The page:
I led Carn and Arion along the landscape. I was supposed to lead them to the Black Rock Canyon to meet two contacts, and then my part of the job was done.
The journey only took three days on foot. It would have been faster if my two companions hadn’t just escaped from a prison, but I was expecting that to happen. I couldn’t really blame them for ending up in prison.
What would have made the journey a lot better was if Carn would have stopped asking Arion questions. Arion wanted to tell the story only once. However, Carn’s curiosity wouldn’t let him wait until we made it to Black Rock. I didn’t know why Arion didn’t want to tell it more than once, and I honestly didn’t care.
When living my life, I just went about my normal business: go kill that mass murderer, break apart that slave ring operating there, go take out those thieves, and so on. Whenever I did favors for The Concealed Sun, I took out the criminals and did combat or stealth operations mostly. I really didn’t mind, especially since I did those things already. The nice part about doing favors was that I didn’t spend as much time tracking down people to go after. For the most part though, I didn’t make other creatures’ business my business unless they were harming others. Otherwise I stayed away from people.
Carn couldn’t seem to do that. He would badger Arion with questions until he got bored. Then it would be silent for about an hour, only to then start again. The hours of silence were so sweet, they made the question sessions even more annoying.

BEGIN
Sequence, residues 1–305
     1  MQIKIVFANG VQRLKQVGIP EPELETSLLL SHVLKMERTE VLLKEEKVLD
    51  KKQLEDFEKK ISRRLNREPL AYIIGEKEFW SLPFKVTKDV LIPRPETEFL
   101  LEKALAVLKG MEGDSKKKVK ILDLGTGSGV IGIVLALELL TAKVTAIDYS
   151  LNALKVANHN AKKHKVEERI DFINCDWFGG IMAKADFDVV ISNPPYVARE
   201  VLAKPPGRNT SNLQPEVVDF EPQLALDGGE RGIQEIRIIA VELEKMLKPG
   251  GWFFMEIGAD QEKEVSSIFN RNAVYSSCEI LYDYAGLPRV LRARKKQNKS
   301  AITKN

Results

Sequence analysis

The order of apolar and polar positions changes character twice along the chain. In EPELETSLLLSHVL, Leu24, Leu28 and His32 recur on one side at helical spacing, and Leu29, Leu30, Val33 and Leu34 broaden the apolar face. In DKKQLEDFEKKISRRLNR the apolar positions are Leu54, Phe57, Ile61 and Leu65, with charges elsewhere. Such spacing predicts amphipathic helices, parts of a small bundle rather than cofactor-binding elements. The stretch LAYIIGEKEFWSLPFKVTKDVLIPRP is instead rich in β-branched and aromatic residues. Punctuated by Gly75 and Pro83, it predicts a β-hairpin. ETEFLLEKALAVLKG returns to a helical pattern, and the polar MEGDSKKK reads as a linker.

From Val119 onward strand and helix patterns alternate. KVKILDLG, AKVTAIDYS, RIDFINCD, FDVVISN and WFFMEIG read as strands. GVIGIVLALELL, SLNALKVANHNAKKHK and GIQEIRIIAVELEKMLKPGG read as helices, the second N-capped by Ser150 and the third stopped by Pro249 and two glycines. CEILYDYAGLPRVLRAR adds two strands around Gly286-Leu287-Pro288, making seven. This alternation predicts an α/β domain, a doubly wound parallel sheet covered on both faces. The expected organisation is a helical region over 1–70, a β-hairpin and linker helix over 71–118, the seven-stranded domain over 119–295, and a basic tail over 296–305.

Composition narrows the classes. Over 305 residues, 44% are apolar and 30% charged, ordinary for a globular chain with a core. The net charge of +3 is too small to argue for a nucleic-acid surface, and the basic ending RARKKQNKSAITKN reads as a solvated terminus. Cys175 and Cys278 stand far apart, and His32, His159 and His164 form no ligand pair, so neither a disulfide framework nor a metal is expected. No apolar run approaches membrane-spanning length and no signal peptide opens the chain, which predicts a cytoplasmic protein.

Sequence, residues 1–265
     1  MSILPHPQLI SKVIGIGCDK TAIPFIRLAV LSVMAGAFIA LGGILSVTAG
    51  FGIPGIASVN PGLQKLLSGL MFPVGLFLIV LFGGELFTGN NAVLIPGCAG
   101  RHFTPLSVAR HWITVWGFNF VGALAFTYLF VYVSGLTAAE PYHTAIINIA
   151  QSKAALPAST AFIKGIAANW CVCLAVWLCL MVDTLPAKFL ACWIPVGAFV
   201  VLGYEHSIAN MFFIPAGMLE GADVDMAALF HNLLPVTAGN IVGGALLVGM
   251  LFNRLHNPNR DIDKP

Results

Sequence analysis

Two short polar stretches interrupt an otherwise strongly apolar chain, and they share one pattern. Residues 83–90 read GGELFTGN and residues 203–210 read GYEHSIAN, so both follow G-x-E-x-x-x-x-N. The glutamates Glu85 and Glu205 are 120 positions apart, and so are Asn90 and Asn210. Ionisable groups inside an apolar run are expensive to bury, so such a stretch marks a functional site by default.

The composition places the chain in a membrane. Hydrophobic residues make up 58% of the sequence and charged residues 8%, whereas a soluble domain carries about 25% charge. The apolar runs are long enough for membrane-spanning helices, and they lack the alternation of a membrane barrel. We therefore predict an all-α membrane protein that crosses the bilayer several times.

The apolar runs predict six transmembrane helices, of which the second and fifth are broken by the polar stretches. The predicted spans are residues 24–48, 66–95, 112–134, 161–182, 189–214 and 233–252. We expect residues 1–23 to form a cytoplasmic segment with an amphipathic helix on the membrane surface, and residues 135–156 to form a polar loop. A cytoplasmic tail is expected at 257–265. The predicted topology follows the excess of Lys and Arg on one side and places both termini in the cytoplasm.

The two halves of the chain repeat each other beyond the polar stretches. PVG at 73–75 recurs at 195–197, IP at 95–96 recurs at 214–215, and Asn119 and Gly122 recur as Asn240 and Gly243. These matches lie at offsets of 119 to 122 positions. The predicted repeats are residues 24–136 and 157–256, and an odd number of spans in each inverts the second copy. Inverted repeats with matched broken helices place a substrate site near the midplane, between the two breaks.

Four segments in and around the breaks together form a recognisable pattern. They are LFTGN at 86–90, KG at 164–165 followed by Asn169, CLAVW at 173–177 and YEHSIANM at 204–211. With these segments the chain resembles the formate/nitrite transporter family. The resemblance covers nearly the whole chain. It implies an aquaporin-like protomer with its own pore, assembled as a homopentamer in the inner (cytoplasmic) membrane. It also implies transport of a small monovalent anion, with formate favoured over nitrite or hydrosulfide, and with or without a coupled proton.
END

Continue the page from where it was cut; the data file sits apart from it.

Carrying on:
So I was rather thankful when we got to the canyon. All I had to do was wait for the other guys to get here, then I could go back to my solitude.
“This is the spot,” I announced. “Our contacts should be meeting us between dusk and midnight, so you can relax until then.”
Both of them dropped down to the ground.
“So who are these contacts?” Arion asked us. I wasn’t sure because they didn’t tell me and I didn’t ask. I just knew I would recognize them when I met them.
“Damia, Artemis, and most likely Shade,” Carn answered.
“Who are they?” Arion questioned.
Carn laid down as he said, “Damia is one of the Society’s Council Members. She’s a sorceress, kind of cute. She’s rather good unless you get on her bad side, then she’ll tear you to shreds.
“Artemis is a member who gets information and passes it along to the Society. She’s permanently stationed in Ranvier. She’s very nice, even though you wouldn’t think she is.”
“Why would you think that she wasn’t?” Arion asked.
“Well, first thing off, she’s a vampire,” Carn replied.
“Being a vampire doesn’t mean you’re a bad person,” Arion growled.
“I know it doesn’t,” Carn hastily responded. “But you have to admit that when you meet someone with retractable fangs who’s a spy, you tend not to think that she’s the most pleasant person to be around. She doesn’t even look that cheerful. She appears nineteen, but she won’t tell me her real age. She has long, dark red hair that almost looks like the color of blood. She has these narrow, golden brown eyes and crooked smile that can appear mischievous. She also has a tattoo on her right forearm of a crescent moon with vine-like black spirals seeming to grow out from behind the moon, and fang scars on her left wrist. So she looks a little scary at first glance actually. But the moment she speaks she turns into the nicest person on the planet.”
Arion paused for a moment before asking, “So, who’s Shade?”
“Shade is Artemis’s pet dog,” Carn grumbled. “Well, actually, Artemis says she doesn’t own him, but they keep each other company. Shade’s breed is Tibetan Mastiff. He was two and a half feet tall, last time I met him.”
Arion nodded in acknowledgment, then the conservation fell silent.
Carn started to twitch before long. I knew he was going to start asking questions again because that was his sign that he was going to start. I simply got up and took the water bags and my bow and quiver with me.
“Where are you going?” Arion asked quietly. Carn didn’t seem to hear him.
“To get food and water,” I told him.
“Can I come with you?” he quickly replied.
“What?” I questioned.
“Please, can I come with you?” he asked as he slightly turned in Carn’s direction. “I kind of want a break.”